The Exchange Control Directive RV176/2020 (2.3.1) of August 24, 2020, reads: “With effect from 21 August 2020, 20% of the foreign currency receipts of providers of goods and services shall be liquidated at the point of depositing in the domestic FCAs, at the prevailing auction rate in order to support the foreign exchange auction system from domestic resources. These liquidations shall be transferred to the Reserve Bank daily. The remaining 80% shall be retained indefinitely in the domestic FCA for own use by the concerned provider of goods or services.”

Zimbabwean companies are struggling and need the foreign currency to survive. Do your maths, the government takes 20%, Zimra takes 14,5%, that is already 34,5%. Do your Maths again, on how much are Zimbabwean companies making in profits?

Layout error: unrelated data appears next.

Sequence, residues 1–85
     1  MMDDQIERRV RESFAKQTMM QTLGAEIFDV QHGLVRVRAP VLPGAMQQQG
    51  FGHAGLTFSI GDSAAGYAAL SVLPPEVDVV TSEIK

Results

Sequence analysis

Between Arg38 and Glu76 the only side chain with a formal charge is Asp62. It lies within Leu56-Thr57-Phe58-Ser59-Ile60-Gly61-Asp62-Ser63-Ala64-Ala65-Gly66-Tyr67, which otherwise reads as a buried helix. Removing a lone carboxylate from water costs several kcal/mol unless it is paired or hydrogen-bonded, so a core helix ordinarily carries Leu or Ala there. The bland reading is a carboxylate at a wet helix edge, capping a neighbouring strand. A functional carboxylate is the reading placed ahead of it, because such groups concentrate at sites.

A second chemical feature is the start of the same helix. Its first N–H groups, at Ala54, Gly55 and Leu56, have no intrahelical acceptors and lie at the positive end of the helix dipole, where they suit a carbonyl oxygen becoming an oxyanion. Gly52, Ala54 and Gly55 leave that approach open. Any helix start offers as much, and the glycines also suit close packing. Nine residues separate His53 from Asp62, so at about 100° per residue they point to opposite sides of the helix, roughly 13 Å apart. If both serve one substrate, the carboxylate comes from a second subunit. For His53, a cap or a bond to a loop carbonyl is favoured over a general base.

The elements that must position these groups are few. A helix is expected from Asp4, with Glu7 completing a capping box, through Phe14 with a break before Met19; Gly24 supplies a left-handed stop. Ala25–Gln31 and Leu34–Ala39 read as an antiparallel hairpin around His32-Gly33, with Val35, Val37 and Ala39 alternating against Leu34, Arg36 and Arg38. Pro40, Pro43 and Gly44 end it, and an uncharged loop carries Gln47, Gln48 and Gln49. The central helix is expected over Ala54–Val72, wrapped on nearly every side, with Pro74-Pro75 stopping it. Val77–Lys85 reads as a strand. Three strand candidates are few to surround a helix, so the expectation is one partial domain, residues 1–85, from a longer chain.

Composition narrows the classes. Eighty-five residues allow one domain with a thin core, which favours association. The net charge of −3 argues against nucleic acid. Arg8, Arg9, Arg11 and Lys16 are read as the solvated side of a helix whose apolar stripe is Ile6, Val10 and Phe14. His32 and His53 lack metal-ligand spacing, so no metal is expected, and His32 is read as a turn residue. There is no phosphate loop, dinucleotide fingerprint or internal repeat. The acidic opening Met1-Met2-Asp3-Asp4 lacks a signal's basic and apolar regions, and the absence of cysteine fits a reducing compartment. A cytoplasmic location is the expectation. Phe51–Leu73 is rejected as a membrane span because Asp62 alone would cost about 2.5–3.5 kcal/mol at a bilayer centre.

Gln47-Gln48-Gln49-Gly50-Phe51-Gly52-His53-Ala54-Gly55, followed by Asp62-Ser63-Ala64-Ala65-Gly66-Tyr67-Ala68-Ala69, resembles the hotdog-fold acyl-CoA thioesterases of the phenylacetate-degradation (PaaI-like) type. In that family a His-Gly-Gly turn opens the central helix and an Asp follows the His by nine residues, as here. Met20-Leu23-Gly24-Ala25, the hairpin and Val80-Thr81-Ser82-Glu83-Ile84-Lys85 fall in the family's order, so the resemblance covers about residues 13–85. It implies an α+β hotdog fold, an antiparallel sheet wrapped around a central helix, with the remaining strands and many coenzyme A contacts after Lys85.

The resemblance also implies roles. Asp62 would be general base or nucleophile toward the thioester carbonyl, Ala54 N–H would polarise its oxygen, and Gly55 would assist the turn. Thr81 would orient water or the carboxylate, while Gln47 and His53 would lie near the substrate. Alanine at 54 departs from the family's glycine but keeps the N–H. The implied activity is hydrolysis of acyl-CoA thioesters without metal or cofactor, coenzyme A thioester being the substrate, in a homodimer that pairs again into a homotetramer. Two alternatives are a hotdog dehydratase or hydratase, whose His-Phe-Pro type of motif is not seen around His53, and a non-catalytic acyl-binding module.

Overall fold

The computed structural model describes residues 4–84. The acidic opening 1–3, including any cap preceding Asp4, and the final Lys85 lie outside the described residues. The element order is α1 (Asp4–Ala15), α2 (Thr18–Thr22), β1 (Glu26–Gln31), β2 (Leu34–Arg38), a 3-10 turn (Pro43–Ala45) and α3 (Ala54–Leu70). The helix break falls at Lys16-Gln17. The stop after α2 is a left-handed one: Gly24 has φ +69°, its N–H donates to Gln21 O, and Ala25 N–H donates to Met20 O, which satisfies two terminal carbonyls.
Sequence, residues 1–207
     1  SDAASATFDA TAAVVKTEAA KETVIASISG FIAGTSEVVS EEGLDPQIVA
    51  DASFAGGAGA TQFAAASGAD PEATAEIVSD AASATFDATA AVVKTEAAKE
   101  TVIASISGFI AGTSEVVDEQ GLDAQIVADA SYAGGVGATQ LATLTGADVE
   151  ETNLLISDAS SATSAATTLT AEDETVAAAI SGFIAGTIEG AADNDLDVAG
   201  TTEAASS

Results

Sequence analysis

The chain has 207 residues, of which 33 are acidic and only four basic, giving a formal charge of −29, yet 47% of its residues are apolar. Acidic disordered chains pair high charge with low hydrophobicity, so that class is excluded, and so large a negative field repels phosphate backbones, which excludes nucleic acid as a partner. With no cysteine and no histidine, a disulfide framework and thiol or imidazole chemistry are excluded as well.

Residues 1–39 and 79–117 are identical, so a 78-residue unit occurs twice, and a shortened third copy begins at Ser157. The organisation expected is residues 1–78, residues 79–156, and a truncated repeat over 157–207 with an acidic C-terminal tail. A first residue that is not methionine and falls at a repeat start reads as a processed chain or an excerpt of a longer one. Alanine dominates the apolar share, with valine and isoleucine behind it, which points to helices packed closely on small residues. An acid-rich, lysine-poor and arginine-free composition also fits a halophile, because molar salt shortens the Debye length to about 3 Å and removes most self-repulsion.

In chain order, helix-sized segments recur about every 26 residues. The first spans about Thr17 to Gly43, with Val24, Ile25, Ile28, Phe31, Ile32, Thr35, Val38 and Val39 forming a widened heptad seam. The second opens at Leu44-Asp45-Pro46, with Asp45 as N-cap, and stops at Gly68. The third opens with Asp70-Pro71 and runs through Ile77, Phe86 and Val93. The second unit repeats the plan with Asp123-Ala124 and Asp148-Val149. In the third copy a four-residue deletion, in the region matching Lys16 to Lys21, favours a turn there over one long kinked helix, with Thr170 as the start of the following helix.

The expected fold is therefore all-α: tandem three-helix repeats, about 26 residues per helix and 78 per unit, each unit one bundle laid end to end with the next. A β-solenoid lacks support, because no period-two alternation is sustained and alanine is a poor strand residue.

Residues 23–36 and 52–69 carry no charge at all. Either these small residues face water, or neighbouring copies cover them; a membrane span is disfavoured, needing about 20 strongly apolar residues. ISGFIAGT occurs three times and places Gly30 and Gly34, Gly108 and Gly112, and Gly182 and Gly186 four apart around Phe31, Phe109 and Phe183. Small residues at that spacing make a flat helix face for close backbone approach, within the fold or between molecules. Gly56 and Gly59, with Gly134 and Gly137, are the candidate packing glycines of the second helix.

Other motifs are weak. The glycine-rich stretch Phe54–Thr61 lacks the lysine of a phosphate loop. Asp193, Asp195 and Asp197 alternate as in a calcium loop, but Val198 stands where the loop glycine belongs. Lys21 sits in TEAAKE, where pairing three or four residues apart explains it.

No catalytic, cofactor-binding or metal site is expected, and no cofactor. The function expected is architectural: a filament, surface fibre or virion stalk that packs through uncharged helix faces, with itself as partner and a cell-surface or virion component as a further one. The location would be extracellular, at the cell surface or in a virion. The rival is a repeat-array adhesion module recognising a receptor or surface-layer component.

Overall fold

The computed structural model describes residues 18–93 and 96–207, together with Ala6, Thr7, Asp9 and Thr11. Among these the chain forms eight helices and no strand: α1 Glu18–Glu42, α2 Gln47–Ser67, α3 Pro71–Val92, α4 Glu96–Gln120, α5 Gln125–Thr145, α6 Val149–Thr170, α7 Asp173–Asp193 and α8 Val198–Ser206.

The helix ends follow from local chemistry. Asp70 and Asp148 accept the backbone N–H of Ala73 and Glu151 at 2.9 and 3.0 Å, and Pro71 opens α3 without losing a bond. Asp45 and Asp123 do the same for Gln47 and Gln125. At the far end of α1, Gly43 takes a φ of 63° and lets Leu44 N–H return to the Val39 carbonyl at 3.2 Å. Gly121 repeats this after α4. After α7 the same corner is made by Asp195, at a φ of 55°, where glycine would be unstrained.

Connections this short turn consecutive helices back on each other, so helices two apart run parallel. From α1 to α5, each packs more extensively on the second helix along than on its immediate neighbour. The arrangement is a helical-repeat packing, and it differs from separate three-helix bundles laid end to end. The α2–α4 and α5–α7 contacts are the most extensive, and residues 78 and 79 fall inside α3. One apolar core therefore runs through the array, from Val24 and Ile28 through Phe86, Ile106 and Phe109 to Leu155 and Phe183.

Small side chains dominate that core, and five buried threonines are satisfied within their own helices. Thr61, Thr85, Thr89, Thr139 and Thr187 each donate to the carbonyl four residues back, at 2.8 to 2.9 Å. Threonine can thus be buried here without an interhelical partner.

There is a need for the government to protect the last surviving companies and businesses in Zimbabwe’s difficult economic challenges. How on earth does the Government of Zimbabwe expect e.g. National Foods and Zimoco Motors to survive yet the business they run requires a lot of foreign currency and their only source of forex is the foreign exchange auction yet the system has no capacity to satisfy this market.

Imagine taking away US$200 000 from a deposit of US$1 million and above that takes away 4% of cash transactions from the bank. Surely, how do you expect a business to survive when you are taking away 34,5% of the business transactions that a company receives in a country that is battling to secure foreign currency in any form?

Diaspora remittances are one of Zimbabwe’s key benefits that migration brings to originating countries. Zimbabweans abroad send money and goods back to their country of origin. These remittances are contributing to national development and are driving our national economy.